Recently, our attorneys have seen has been a large uptick in interest, both from consumers and businesses, in ketamine and psychedelics. There has been a proliferation of ketamine clinics in the United States (see here here, and here), and dozens of jurisdictions (such as Denver and Oregon) passed or are considering passing psychedelics laws that would do everything from decriminalizing psychedelics to regulating them. But interest has not stopped there and we’ve also been fielding questions about newer or lesser known substances as well.
Today, we’re going to write about a substance that’s gotten a lot less attention: kratom. Kratom is a species of plant (Mitragyna speciosa) that is native to certain regions in Southeast Asia. Kratom derivatives have been used in a number of different formulations for human consumption, including in powder form, edible form, and for smoking. We have worked with kratom industry businesses sporadically, going back to 2015.
Advocates for kratom say that it is a natural, plant-based substance that has properties which, among other things, can assist with opioid withdrawal and addiction or pain management. Critics of kratom believe that the plant has not been sufficiently studied to be deemed safe, is in fact not safe, can cause dependence, and can have serious and potentially fatal side effects. As I’ll explain below, the federal Food and Drug Administration (FDA) and a half dozen states agree with the critics.
What makes kratom interesting is that, like hemp-derived CBD (today at least), it is not as heavily regulated as other substances (though that may of course change). Kratom is not a scheduled narcotic on the federal Controlled Substances Act (CSA). In 2016, the Drug Enforcement Agency (DEA) announced its intent to make kratom a Schedule I narcotic (alongside heroin, LSD, and cannabis), but it subsequently withdrew that position.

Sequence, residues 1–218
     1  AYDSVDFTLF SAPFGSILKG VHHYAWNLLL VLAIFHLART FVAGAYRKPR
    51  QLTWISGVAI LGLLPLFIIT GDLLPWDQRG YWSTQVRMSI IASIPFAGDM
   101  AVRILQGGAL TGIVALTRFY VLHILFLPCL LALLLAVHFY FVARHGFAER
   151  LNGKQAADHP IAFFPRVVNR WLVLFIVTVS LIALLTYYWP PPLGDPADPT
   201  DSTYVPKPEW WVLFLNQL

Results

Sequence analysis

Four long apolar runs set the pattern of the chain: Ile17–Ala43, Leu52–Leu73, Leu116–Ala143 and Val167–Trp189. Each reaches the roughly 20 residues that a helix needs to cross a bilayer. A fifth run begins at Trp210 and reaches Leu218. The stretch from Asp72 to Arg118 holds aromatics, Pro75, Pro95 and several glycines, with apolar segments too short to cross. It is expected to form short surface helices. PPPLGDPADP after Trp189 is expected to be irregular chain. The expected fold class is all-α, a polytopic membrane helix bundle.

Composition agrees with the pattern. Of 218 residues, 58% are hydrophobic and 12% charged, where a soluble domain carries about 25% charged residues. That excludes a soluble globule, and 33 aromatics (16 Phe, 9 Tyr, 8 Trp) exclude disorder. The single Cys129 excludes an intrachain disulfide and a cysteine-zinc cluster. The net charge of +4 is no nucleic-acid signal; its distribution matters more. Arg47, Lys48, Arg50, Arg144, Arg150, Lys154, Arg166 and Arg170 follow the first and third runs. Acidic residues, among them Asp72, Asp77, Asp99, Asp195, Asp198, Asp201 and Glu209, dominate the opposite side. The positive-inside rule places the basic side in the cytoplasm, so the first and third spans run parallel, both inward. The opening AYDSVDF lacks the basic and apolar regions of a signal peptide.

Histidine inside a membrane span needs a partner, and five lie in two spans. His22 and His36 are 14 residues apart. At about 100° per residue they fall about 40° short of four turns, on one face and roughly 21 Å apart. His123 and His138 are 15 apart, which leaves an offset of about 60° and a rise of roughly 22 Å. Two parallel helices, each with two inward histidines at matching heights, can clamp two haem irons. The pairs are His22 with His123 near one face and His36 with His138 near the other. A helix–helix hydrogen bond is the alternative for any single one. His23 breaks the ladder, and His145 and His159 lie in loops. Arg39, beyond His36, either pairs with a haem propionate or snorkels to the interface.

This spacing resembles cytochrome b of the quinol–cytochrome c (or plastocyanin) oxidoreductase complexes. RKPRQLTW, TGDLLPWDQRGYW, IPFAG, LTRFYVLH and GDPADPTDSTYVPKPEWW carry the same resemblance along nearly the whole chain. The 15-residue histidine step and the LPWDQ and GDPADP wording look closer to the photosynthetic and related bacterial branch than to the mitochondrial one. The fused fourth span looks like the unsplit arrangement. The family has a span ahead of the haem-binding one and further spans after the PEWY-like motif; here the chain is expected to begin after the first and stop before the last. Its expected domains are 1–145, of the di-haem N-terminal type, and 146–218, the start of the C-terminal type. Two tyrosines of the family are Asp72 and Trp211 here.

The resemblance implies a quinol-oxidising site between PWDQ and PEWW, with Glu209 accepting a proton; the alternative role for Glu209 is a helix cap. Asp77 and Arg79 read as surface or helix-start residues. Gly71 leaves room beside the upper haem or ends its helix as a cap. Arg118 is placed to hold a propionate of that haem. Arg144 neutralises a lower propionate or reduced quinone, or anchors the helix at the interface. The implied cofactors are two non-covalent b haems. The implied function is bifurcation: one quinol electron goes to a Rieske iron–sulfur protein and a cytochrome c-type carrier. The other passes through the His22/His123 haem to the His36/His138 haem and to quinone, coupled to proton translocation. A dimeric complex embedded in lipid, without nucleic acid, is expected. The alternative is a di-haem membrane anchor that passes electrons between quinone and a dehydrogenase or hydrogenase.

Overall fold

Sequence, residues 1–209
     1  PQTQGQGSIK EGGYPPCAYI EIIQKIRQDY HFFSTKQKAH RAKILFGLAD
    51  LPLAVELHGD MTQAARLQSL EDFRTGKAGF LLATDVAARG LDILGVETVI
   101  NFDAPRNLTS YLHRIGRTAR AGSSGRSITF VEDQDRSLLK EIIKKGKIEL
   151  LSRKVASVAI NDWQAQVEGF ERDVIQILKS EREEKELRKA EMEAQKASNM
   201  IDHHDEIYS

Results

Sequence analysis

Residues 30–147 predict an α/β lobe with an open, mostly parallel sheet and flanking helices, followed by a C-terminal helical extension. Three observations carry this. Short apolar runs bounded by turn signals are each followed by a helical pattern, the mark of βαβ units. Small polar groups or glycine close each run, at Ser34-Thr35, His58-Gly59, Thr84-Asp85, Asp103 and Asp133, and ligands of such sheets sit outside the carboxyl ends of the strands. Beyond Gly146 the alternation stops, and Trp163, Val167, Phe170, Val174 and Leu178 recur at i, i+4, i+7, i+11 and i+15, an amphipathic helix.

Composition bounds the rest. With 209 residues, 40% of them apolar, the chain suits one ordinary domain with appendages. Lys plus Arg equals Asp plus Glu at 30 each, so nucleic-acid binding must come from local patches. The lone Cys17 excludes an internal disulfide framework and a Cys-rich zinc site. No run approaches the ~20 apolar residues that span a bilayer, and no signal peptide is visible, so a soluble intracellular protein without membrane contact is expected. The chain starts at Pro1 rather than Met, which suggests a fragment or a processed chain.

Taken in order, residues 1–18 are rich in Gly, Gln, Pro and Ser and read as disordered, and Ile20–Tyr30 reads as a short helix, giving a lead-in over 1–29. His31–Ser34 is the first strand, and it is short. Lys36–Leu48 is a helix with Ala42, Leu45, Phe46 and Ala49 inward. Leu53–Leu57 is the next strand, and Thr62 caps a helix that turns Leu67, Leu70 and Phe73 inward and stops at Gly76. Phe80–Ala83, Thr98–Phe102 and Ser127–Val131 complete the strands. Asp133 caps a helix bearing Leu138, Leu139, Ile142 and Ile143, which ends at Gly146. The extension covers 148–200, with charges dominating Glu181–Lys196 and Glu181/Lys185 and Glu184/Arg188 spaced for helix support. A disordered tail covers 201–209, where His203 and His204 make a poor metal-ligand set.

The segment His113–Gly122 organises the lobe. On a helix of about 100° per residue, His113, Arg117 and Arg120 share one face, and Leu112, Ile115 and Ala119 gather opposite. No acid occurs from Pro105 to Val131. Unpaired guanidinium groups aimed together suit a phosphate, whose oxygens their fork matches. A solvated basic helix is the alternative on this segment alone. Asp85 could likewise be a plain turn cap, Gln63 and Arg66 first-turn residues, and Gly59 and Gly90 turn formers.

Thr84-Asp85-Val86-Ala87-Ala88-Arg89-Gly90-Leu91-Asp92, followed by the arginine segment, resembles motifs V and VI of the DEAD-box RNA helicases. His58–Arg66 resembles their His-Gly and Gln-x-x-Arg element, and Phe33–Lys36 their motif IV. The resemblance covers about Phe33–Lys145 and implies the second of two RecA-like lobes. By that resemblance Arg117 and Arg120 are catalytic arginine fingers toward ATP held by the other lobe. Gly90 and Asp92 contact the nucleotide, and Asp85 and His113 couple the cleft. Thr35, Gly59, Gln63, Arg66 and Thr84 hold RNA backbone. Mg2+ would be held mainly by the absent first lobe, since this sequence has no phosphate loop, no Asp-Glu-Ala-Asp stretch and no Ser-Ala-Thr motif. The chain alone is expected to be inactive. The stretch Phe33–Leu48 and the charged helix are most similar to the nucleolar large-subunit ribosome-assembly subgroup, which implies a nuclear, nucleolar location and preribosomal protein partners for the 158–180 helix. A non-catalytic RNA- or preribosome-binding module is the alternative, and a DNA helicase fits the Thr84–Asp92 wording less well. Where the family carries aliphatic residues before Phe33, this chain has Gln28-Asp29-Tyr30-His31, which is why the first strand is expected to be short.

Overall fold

Today, the DEA considers kratom to be a “Drug of Concern”, along with other substances like salvia divornum. This means, according to the DEA, kratom may “pose risks to individuals who abuse [it]”. Because it’s not on any CSA schedule, kratom is not outright prohibited at the federal level (more on that below), and it’s at least theoretically possible that research can be done on it.
Notwithstanding that kratom is not a federally controlled substance, a number of states currently prohibit the substance and the list of such states could change at any time. The states that broadly prohibit kratom include Alabama, Arkansas, Indiana, Rhode Island, Vermont, and Wisconsin. Additionally, counties or municipalities within states may place additional restrictions or prohibitions on the possession, use, distribution, or manufacture of kratom.
Enter the FDA. Even in those U.S. jurisdictions where kratom isn’t expressly prohibited, sales of kratom can lead to serious penalties. The FDA may prohibit the sale of kratom products given the agency’s belief that kratom has the potential to be harmful. The FDA seized apparent kratom products on multiple occasions (for example, see here) and initiated enforcement actions while claiming that the substances were being marketed as unapproved drugs. The FDA also issued an import alert in 2019 allowing for the detention without physical examination of a host of apparent kratom products on the grounds that they were adulterated.
The FDA’s view on kratom is very different from its views on cannabidiol (CBD). The FDA prohibits many CBD products under the so-called Drug Exclusion Rule, which essentially holds that an FDA-approved substance cannot be marketed in certain products. According to the FDA, CBD cannot be added to many products because the FDA earlier approved a drug (Epidiolex) containing CBD.
The FDA’s objection to kratom isn’t based on the Drug Exclusion Rule, but rather on the substance’s potential for harm and abuse. The federal government’s enforcement position over the past few years also signals that the agency takes kratom much more seriously than it does CBD.
All this is to say that there can be significant risks for companies selling or marketing kratom products, despite the fact that it’s not outright illegal at the federal level. The regulatory pathway for kratom is by no means well-settled and there is ongoing research (for example, see here) into kratom that could lead to changes in law or enforcement priorities. We intend to keep writing on this substance, so stay tuned to the Canna Law Blog.